China’s Excess-Capacity Nightmare

SHANGHAI – Back in 1958, the year of China’s ill-fated “Great Leap Forward,” Chairman Mao had big plans for the steel industry. While production had been just over five million tons in 1957, he expected the country to catch up with or even surpass the United States by 1962, producing 80-100 million tons per year, and to reach 700 million tons per year by the mid-1970’s, making China the undisputed world leader. All this was to be accomplished using small “backyard steel furnaces” operated by ordinary people with no particular technical expertise.

Today, Mao’s dream of catching up with the rest of the world has been realized, albeit a bit behind schedule, not only in steel making, where annual capacity has reached 660 million tons, but in many other sectors as well. In 2008, China ranked first in steel (about half of world production), cement (also about half), aluminum (about 40%), and glass (31%), to take just a few examples. The country topped the US in auto production in 2009, and remains second only to South Korea in shipbuilding, with 36% of global capacity.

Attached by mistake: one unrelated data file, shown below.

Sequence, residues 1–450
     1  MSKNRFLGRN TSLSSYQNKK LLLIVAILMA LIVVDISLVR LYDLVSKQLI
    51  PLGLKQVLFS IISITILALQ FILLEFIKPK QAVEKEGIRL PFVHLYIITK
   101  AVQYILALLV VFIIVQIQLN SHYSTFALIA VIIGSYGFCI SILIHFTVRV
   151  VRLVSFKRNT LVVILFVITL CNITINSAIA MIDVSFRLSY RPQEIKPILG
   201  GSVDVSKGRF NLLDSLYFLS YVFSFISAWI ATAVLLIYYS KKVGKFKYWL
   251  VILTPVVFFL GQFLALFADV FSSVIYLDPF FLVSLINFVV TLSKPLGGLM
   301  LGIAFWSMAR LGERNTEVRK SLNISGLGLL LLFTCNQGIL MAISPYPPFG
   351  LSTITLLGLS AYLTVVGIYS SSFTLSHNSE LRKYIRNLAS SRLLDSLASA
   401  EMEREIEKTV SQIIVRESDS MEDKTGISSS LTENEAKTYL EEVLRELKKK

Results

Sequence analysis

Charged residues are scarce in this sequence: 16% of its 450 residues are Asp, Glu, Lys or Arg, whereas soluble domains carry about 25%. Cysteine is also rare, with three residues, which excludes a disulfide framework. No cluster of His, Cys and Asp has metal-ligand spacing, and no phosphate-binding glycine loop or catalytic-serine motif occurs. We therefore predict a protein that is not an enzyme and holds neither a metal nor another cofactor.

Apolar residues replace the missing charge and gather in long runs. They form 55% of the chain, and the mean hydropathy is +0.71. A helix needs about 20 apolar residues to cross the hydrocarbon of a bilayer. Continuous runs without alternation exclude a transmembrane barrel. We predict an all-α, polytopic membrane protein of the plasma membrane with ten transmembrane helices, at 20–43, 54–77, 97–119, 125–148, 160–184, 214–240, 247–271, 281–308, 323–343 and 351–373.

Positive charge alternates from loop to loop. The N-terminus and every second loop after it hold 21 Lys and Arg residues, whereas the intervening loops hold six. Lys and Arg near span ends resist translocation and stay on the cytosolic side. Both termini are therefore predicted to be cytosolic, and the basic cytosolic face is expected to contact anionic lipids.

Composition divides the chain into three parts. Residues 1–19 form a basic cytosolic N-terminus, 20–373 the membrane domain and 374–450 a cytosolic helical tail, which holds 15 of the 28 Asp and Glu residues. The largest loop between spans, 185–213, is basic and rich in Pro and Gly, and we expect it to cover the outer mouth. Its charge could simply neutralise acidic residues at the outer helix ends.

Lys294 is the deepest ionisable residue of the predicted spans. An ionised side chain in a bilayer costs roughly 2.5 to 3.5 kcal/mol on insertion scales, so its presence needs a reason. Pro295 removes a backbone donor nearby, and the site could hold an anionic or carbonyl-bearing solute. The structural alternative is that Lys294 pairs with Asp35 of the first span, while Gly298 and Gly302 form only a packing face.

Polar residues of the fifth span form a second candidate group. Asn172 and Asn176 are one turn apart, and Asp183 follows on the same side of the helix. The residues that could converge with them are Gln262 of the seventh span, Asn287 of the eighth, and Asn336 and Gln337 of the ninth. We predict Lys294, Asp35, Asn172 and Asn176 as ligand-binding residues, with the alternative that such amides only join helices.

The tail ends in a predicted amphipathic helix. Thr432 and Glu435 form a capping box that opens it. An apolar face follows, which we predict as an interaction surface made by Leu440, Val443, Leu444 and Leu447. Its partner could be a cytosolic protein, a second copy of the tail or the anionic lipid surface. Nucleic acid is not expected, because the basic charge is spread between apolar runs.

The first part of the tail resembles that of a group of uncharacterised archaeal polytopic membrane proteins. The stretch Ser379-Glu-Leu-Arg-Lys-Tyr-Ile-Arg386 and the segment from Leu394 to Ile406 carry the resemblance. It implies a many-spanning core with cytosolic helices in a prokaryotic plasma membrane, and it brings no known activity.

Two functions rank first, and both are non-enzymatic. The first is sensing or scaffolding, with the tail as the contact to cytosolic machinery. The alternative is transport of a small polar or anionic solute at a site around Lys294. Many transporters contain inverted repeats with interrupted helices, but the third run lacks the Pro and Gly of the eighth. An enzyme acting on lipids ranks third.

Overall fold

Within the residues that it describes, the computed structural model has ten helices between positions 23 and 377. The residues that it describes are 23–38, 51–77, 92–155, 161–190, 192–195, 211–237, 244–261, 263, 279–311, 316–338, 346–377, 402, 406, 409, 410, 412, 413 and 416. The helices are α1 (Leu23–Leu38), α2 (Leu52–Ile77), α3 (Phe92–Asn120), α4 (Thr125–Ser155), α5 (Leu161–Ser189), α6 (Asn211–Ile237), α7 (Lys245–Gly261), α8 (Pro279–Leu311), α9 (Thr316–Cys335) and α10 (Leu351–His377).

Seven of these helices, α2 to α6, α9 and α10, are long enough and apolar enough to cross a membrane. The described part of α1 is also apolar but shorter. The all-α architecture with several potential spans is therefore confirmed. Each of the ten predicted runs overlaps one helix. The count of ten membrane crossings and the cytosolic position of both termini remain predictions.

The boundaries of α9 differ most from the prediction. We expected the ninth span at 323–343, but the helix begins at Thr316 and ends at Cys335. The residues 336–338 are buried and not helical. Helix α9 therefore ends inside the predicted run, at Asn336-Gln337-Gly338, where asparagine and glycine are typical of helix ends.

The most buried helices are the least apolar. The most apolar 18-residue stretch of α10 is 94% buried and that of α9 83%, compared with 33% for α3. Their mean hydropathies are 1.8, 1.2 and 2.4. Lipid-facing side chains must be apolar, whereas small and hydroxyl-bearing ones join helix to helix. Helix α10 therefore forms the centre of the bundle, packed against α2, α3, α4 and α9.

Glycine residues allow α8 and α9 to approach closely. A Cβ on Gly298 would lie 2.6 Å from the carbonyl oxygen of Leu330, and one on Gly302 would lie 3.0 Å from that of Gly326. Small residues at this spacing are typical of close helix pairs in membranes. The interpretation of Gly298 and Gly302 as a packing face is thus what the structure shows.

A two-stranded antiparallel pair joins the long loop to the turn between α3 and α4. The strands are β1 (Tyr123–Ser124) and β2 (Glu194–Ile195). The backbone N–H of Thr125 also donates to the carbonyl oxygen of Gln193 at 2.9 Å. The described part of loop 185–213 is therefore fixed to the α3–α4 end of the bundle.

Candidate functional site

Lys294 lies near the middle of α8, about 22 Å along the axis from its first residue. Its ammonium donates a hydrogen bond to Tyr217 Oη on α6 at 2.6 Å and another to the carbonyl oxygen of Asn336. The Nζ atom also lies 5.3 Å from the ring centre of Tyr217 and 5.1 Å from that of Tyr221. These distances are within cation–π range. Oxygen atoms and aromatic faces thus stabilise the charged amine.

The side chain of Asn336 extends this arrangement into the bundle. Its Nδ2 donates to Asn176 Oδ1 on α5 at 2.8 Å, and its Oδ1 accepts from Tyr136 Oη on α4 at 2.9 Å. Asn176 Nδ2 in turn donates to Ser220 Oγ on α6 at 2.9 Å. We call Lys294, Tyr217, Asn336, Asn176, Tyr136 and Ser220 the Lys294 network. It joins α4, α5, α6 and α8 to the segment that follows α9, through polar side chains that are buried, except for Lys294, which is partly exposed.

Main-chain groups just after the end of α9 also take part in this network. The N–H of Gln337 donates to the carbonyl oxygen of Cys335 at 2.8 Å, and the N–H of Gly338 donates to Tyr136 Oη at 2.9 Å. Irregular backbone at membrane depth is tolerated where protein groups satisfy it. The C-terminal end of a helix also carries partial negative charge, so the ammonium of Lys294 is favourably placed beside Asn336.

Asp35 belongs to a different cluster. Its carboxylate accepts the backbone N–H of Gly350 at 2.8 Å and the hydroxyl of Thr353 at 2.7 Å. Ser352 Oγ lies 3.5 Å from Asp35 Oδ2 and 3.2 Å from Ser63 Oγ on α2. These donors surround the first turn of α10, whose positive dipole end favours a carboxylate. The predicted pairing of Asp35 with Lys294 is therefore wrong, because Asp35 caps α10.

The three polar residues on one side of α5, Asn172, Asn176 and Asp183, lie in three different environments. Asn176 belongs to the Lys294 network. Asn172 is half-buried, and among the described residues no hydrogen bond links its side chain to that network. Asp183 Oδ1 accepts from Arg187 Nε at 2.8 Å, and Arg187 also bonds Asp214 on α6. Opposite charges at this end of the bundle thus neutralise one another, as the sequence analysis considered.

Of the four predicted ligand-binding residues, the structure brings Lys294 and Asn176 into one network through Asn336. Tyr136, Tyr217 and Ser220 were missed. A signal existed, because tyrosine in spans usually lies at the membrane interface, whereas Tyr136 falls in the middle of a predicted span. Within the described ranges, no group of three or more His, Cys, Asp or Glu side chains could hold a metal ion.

For Beijing’s central planners, however, the size of China’s industrial base has become a cause for alarm rather than celebration. In a document approved by the State Council on September 26, the National Development and Reform Commission (NDRC) warned of serious excess capacity in a wide variety of sectors. (The State Council, which includes the premier, vice premiers, and heads of ministries and commissions, is China’s highest executive authority.)

Based on the NDRC’s figures, 2008 capacity utilization rates were just 76% for steel, 75% for cement, 73% for aluminum, 88% for flat glass, 40% for methanol, and 20% for poly-crystalline silicon (a key raw material for solar cells). The current project pipeline also implies less than 50% utilization for wind-power equipment manufacturers in 2010.